Another way of looking at the poem would question whether or not “I prove a theorem” itself might not be read as metaphor rather than literal fact. Brainstorming might lead us to consider the possibilities: that “proving a theorem” might be an analogue for any successful act of cognition, and, by extension, for any intellectual or personal breakthrough. Following this line of reasoning, even the title “Geometry” might be read as metaphor in progressively abstracted senses: as patterns of lines, as patterns of thought, as patterns of behavior, as patterns of connectedness within the universe itself and the universe of the imagination.

The logic of the poem encourages us, I think, to read it in this way. The poem’s progress down the page enacts a movement from inner consciousness to outer consciousness, from more literal to more figurative, from grounded to more ethereal. The objects of the poem are displaced vertically - the windows move upward, the ceiling floats away, the attention of the speaker is directed upward. The poem ends with an assertion that something new is about to be revealed. The constraints of literality have dropped away, and the stage is set for a new, unanticipated and unpredictable revelation.

(Read this way, the poem calls to mind Emily Dickinson in her epiphanic mode:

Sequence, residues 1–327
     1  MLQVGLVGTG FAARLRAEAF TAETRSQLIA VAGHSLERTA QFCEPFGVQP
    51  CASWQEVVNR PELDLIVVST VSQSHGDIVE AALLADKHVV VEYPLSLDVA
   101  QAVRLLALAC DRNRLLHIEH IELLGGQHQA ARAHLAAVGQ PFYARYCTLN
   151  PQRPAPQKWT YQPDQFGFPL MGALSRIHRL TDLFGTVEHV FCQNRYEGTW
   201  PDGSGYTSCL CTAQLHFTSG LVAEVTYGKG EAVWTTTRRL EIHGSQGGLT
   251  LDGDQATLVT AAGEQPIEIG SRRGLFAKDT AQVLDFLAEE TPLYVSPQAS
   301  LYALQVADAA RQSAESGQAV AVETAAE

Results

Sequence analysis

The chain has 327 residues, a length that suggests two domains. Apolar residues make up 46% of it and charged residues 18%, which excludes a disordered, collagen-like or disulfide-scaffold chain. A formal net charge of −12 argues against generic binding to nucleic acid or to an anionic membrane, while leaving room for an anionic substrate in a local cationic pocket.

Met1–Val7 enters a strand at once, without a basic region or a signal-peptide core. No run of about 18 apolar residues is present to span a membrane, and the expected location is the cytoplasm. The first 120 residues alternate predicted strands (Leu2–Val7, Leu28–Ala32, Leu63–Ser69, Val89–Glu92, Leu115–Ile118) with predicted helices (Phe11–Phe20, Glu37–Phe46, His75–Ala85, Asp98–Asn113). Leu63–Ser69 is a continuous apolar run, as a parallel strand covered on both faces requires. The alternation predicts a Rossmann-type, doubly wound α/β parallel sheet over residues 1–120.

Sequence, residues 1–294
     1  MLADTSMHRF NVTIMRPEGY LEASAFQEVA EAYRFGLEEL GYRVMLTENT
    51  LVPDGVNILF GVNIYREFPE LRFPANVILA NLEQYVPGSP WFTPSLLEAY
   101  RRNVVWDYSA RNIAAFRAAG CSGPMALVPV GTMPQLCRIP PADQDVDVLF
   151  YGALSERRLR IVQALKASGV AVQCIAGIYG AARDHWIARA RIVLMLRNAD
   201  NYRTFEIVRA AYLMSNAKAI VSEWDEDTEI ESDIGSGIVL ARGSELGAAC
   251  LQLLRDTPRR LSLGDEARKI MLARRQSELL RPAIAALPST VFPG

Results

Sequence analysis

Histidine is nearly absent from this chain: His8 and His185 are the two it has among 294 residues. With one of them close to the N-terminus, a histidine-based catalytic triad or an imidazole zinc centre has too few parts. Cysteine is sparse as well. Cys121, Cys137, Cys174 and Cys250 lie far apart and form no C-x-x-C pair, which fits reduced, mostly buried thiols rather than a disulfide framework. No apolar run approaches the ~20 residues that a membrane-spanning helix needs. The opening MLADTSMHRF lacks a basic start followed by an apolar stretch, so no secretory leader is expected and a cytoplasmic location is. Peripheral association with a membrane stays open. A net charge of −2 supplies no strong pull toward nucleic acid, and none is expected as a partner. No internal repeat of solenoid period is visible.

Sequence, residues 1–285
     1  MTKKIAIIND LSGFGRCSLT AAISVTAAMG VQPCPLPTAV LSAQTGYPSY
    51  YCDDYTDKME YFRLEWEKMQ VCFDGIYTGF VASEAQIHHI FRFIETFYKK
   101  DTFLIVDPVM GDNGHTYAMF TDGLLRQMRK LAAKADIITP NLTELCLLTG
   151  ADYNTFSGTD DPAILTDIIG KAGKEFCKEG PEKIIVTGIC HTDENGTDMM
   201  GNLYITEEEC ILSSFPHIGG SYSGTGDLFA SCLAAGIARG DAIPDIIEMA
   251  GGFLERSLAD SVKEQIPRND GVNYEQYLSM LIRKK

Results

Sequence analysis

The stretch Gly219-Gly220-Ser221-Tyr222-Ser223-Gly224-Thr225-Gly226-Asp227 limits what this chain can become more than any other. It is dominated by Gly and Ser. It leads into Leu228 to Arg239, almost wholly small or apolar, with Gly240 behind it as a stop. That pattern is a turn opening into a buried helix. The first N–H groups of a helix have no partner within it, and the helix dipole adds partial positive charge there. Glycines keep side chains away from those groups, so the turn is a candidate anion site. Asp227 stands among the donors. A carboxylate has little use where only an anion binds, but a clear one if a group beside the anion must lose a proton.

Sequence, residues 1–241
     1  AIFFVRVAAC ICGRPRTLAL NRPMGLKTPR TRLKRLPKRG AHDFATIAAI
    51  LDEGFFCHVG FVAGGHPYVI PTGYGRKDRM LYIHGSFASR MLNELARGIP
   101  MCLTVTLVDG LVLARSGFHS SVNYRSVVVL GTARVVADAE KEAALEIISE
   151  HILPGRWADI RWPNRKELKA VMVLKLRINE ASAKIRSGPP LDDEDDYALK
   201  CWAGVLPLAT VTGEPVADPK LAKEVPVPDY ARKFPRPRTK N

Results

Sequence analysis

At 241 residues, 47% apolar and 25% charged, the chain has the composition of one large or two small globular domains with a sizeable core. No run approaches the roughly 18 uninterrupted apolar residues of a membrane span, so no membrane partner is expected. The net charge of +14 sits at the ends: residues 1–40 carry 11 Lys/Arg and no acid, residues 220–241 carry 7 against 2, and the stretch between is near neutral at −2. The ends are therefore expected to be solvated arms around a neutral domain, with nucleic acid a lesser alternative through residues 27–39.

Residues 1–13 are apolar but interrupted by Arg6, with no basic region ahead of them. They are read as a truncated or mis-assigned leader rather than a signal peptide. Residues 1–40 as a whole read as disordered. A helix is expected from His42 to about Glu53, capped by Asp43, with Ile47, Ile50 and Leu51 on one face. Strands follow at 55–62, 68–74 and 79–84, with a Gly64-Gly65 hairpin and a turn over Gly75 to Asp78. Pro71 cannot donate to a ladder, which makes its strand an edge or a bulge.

And then a plank in Reason, broke,
And I dropped down, and down -
And hit a World at every plunge,
And Finished knowing, then -

The comparison is instructive, however. Dickinson renders extreme states of mind in a way that convinces us of their extremity, and of their momentousness. “Geometry”, like many of Rita Dove’s poems, seems by contrast both bloodless and cerebral. It’s a poem which challenges the mind, but which does not convey the passionate intensity that Dickinson’s poems do. To the extent that we are encouraged to care about the poem, it’s in a second-hand way: the speaker is reporting on something which happened which was apparently significant to her, but the poem does not give us sufficient access to the emotional intensity of the experience to make it significant to us. But that is a judgment I would withhold from the students. I’m not even sure I have earned the right to make it myself yet, but that’s where I am at this point in my reading of the poem.)